On average, U.C.L.A.’s opponents have achieved 1.4 Explosive Drives per game. Compare this to Notre Dame, whose opponents average only 0.4 Explosive Drives per game, with only one team achieving more than one Explosive Drive in a game.

2. Second, and more alarming, is our poor score in the Methodical Drive category (drives consisting of 10 or more plays), where we rank 48 out of 124 FBS teams. Our defense has allowed 18 sustained drives (12.4%). For comparison, LSU, ranked 3 in this category, allows sustained drives only 7.8% of the time.

So, we need to do a better job getting the opponents off the field quicker (Methodical Drives) and are doing okay but have room for improvement on our big play defense (Explosive Drive). Still, ranked 28th in the Explosive Drive category isn’t too bad, and I suppose is a function of the more aggressive style of D we’re playing in which we are getting more pressure on the opposing QB, but have set ourselves up for the occasional big play. At any rate, I’m pretty sure nobody is dying to trade this current iteration of D for Walker’s bend-don’t-break style.

GOING FORWARD
Here’s an updated look through November 3 of our past and remaining opponents:

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As I mentioned briefly in the frontpagers’ Power Poll, U.C.L.A. took a 6 point jump in their overall efficiency this week. This is huge. Remember, the FEI is adjusted for SOS, so U.C.L.A. is rewarded much more for a win over Arizona than, say, Stanford is for their blow-out over Colorado; indeed, Stanford’s efficiency actually went down even after shutting out the Buff’s 48-0.

The rest of the Pac-12 didn’t fare so well, either. Utah got some love for their beat down of the hapless Coug's (2 point jump), but everyone else essentially stayed flat or dropped.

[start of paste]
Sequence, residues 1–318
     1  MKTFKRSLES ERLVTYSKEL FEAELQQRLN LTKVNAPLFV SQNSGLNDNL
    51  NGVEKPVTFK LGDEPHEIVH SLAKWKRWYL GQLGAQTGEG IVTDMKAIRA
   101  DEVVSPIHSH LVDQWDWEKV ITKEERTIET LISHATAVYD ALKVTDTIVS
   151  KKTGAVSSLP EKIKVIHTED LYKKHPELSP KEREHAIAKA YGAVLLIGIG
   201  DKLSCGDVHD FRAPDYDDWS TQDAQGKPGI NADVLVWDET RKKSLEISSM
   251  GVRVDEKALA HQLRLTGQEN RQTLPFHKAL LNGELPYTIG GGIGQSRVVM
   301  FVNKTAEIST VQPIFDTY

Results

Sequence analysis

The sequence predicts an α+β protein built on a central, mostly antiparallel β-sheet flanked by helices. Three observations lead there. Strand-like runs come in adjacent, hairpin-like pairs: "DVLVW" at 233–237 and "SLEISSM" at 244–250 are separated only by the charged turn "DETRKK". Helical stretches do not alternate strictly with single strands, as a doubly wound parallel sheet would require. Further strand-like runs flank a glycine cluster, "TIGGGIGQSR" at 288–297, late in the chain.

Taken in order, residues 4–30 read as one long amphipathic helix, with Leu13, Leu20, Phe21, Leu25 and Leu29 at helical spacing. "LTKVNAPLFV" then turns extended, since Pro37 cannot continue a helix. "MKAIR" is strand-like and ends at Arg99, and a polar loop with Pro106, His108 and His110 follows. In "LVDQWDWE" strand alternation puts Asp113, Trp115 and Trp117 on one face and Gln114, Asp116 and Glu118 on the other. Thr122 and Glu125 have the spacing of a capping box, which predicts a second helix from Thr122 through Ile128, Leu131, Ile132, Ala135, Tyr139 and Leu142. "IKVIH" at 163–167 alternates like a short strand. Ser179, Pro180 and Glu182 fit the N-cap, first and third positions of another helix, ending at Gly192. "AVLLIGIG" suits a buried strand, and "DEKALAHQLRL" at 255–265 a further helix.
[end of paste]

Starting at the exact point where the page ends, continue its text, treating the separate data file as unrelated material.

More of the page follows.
Also exciting is that for the first time this season the FEI rates us above our remaining opponents (our future SOS dropped from 30th last week to 50th this week). The FEI predicts we’ll win 2.2 of our remaining games, up from what would now be 0.9 as of last week and 0.2 the week before. This would put us at 9-3, meeting frontpager expectations if that includes a win over u$c. How cool is it to see predictions converging with expectations?

However, my optimism for this team remains tentative. As astonished as I was with Saturday’s performance, the experience is entirely new for me. When I became a Bruin I had no idea at the time the heartache I was getting myself into with U.C.L.A. football. Forgive me if I remain a bit gun-shy, but we still have three big games to play and our clobberin’ of the ‘Cats means nothing if we play down to Wazzu or drop our game against $c.

How we play these last few games will define the Arizona game as the continuation of a positive trend started at ASU, or another aberration in a long line of Bruin let-downs.

WHAT THE FEI SAYS – U.C.L.A. vs. WSU

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Let’s keep this short. Our play thus far (including the Beatdown in Berkeley) has placed us in the Top 15 of the FEI. The Coug's are an abysmal 97th; we should have no problem dismantling them. Our offense should put up a ton of points with long, sustained drives and quite a few big plays. Our defense should be stalwart, forcing a ton of 3-and-outs and defending well against the long ball. (A lot of shoulds in there, I hope we can focus and deliver.)

On special teams, the conspicuous absence of the MMFE (no, not this MMFE) improved our special teams efficiency from 100 to 85, but even WSU is still ranked above us at 76.

VERDICT?
Bruins should win easy, but it’ll come down to their mental fortitude (ignore the hype!), a good week at practice and ultimately the coaches getting our team ready for a classic trap game in a hostile (weather and crowd) environment. For my part, I’m heading to the game – will try to take pictures, but will likely be too cold to work a camera. Go Bruins!

<em>This is a FanPost and does not necessarily reflect the views of BruinsNation's (BN) editors. It does reflect the views of this particular fan though, which is as important as the views of BN's editors.</em>